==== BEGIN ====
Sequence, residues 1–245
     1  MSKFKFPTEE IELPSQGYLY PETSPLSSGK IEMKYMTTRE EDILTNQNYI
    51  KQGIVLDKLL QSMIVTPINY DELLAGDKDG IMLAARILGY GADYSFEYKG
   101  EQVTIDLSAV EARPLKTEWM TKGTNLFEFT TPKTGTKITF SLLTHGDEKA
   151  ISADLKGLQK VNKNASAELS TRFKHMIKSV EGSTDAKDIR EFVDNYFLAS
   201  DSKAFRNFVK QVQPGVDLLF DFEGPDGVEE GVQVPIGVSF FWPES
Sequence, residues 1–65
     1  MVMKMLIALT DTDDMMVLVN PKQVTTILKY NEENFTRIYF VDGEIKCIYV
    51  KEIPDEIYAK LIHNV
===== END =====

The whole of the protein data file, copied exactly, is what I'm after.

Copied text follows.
Sequence, residues 1–245
     1  MSKFKFPTEE IELPSQGYLY PETSPLSSGK IEMKYMTTRE EDILTNQNYI
    51  KQGIVLDKLL QSMIVTPINY DELLAGDKDG IMLAARILGY GADYSFEYKG
   101  EQVTIDLSAV EARPLKTEWM TKGTNLFEFT TPKTGTKITF SLLTHGDEKA
   151  ISADLKGLQK VNKNASAELS TRFKHMIKSV EGSTDAKDIR EFVDNYFLAS
   201  DSKAFRNFVK QVQPGVDLLF DFEGPDGVEE GVQVPIGVSF FWPES
Sequence, residues 1–65
     1  MVMKMLIALT DTDDMMVLVN PKQVTTILKY NEENFTRIYF VDGEIKCIYV
    51  KEIPDEIYAK LIHNV